Wait, do you hear that? That’s right, it’s the sound of summer approaching. In a cinematic sense, this means that film lovers of my particular breed, that is viewers who are not interested in the superhero blockbusters or gross out comedies that flood the box office from now until the beginning of awards season at the end of year, are left with a weird and peculiar selection of pictures to choose from, usually shown in the box sized theatre of your local multiplex. The first of what I am sure will be many under the radar choices this summer comes in the form Slow West, a film of which I knew absolutely nothing before booking my seat.
Slow West begins very quickly and operates around a simple narrative, the story of Scottish teenager Jay Cavendish (Kodi Smit-McPhee) and his journey west across the nineteenth century American frontier to be reunited with the girl that he loves. Joining Jay on this dangerous and unpredictable journey is Silas (Michael Fassbender), a mysterious outlaw figure who encounters the young boy on his travels, and with the promise of protected passage through the hostile environment, the two characters forge an uneasy but strong relationship. There is no doubt that the majority of the obstacles the pair are forced to face throughout the narrative are genre cliches to the highest degree, but the quality of performances and genuinely intriguing character arcs that the lead duo present to the audience stop the picture from becoming overly generic. All of the usual suspects are in town from wild Native American savages to bigger, badder outlaws with whom the men have to spar, but my personal soft spot for this kind of film (think True Grit, The Homesman, even more quirky incarnations like Django Unchained) means that the somewhat formulaic nature of many of Slow West’s set pieces did not hamper my enjoyment of the picture overall. What is rather interesting about the film is that, though it displays all of the sweeping scenery and typical plot points of a frontier story, the key themes at play during the picture are those of young love, innocence and youthful vulnerability, all encapsulated in the form of Jay and all uniquely contrasting the volatile, unforgiving atmosphere of the harsh terrain and harsh adversaries that surround him. Over the course of the film, we see young Jay’s experience grow and naivety diminish, and in some way it feels as though the filmmakers are making a statement about the futility of the original American dream, both in the sense that the land is one filled with dread and danger, and the fact that the protagonists ultimate goal, sweetheart Rose (Caren Pistorious), in true Great Gatsby fashion, may not even be worth the massive sacrifices that he is making. Part coming of age, part Western, part buddy movie, Slow West offers a little of everything without ever fully settling down in to a truly comfortable rhythm, though from a personal point of view, the film provides more than enough entertainment to satisfy an eager audience.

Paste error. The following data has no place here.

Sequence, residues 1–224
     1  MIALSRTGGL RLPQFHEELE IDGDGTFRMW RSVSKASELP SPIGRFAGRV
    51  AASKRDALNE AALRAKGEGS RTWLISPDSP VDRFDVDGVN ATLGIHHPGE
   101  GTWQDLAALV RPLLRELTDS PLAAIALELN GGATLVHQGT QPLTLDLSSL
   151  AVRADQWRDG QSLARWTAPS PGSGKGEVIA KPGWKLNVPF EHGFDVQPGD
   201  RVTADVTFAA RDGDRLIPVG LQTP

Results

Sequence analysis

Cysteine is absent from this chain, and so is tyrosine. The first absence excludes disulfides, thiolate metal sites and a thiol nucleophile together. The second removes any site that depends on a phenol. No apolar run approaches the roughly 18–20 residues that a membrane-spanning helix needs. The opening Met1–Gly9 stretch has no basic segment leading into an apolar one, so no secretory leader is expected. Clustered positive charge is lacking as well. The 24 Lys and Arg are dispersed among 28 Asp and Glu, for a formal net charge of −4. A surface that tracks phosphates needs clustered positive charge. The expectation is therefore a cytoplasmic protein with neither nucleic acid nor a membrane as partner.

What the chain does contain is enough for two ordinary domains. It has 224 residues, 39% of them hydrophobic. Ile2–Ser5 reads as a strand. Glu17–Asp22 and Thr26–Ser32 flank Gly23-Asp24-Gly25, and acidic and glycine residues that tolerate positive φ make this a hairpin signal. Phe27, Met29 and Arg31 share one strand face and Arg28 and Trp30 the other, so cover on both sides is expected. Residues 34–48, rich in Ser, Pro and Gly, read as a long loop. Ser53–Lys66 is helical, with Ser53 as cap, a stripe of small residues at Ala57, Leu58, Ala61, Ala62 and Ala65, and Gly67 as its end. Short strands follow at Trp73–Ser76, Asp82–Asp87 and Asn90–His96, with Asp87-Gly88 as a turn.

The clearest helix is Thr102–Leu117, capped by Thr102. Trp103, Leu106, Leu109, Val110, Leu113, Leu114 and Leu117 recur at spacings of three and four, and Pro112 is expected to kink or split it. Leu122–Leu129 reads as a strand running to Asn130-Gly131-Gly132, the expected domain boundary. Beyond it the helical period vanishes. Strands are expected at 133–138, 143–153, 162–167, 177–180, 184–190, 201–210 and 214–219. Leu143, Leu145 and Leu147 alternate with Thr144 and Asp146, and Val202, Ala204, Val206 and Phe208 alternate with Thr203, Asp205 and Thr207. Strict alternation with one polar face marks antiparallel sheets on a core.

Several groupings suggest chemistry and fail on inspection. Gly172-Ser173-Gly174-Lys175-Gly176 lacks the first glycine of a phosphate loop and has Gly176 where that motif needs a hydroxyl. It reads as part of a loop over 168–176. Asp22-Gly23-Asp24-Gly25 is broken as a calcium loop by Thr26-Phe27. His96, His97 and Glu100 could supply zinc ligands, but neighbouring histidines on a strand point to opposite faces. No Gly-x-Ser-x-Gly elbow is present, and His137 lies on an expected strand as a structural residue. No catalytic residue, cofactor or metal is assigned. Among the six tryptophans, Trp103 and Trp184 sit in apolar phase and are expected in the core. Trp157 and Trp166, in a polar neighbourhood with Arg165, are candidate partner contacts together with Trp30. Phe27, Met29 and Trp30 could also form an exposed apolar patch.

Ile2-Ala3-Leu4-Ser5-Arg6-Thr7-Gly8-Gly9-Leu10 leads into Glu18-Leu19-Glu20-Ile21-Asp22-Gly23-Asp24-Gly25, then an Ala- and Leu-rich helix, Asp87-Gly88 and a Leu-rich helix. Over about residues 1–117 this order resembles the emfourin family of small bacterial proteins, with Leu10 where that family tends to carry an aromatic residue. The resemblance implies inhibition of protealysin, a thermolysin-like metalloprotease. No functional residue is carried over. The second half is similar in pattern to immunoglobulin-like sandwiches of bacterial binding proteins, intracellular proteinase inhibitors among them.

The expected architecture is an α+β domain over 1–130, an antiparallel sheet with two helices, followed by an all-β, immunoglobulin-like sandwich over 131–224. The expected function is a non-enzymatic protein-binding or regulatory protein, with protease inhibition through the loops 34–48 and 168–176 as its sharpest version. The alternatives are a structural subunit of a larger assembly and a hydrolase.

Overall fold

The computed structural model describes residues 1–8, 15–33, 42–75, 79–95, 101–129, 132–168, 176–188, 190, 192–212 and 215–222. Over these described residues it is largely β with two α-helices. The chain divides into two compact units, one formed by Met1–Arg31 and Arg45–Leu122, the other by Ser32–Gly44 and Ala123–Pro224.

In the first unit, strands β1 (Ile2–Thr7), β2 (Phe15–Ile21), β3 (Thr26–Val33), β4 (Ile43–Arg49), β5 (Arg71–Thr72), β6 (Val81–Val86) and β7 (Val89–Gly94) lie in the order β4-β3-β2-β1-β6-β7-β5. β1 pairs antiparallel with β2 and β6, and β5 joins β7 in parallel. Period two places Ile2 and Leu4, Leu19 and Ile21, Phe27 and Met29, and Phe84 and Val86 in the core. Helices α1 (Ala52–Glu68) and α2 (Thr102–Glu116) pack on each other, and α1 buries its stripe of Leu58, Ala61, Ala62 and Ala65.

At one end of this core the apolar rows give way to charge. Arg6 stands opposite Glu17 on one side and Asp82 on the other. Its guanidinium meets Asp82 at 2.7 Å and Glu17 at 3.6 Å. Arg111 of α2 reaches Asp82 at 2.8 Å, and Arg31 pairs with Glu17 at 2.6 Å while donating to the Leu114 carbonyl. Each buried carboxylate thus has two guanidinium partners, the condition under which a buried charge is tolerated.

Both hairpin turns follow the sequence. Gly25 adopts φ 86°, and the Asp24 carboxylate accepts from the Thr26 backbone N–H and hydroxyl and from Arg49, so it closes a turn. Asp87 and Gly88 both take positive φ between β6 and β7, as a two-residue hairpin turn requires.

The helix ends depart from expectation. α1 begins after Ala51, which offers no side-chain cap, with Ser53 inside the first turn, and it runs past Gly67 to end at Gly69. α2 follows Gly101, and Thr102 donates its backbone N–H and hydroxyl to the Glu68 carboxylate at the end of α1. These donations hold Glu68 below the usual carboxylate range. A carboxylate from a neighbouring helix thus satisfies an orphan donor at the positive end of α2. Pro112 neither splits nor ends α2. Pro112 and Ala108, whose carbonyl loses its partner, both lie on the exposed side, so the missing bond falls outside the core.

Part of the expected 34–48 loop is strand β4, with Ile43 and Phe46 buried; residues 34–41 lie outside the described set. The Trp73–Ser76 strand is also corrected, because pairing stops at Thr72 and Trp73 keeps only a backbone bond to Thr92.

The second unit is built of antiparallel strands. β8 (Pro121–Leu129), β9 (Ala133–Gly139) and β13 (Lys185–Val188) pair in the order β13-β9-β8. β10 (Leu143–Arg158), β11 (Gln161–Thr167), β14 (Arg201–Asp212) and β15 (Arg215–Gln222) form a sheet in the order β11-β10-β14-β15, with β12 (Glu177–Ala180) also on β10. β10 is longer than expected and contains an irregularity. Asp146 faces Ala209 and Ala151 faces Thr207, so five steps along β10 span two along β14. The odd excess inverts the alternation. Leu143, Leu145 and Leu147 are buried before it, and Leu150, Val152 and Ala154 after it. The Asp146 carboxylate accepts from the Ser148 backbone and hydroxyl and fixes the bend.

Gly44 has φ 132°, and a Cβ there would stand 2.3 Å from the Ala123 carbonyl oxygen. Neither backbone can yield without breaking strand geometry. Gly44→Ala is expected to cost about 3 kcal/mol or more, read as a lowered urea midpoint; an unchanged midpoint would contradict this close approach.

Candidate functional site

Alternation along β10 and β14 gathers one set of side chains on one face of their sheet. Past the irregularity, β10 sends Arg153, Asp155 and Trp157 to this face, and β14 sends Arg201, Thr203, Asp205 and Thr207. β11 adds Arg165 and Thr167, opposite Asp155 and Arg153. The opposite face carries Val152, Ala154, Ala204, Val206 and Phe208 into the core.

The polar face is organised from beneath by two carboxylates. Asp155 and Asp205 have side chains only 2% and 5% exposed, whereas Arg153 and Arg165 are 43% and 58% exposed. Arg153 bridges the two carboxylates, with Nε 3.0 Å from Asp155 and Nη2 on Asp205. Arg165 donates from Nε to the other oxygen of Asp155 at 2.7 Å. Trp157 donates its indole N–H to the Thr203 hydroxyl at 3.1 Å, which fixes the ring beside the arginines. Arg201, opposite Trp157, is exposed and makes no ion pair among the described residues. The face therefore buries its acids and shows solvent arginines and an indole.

Though there are a handful of eccentric yet not fully realised characters within the narrative including drunken cowboys, travelling outlaws and vicious bounty hunters, the majority of the meaningful character work is weighted on the shoulders of Kodi Smit-McPhee and Michael Fassbender as Jay and Silas. Smit-McPhee gives a near perfect performance in the lead role, managing to find the balance between a lovesick, determined, innocent youngster and a teenager whose illusions about the ‘new world’ are being quickly shattered as he rapidly becomes a man in a very adult environment. Michael Fassbender as the mysterious Silas proves to be a very effective companion, providing a dose of cynical realism and weather beaten experience that clashes and creates interesting tension with Jay’s hopeless optimism. Something else that Fassbender provides the film with is a real sense of star quality. It’s undeniable that the man is a proper, fully fledged movie star, and that kind of quality really helps in a picture like this where strength of character is of utmost importance. The Western genre has a long, proud tradition of commanding, charismatic male roles, and in the truly traditional ‘strong but silent’ mould, Fassbender provides another for the cinematic history books here.
Overall, Slow West is an American frontier picture that, whilst exercising many of the tired and well worn tropes of the genre, provides the audience with something a little different in the form of a less typical lead perspective and an examination of themes such as teen love that feels all encompassing from the inside but seems much more fragile to an outsider. Perfectly paced and timed at eighty four minutes, the film neither outstays its welcome nor leaves the audience with any major outstanding questions. Two engaging lead performances and just enough narrative meat to keep you invested in the tale make Slow West a rewarding, exciting watch with surprising depth. Would recommend!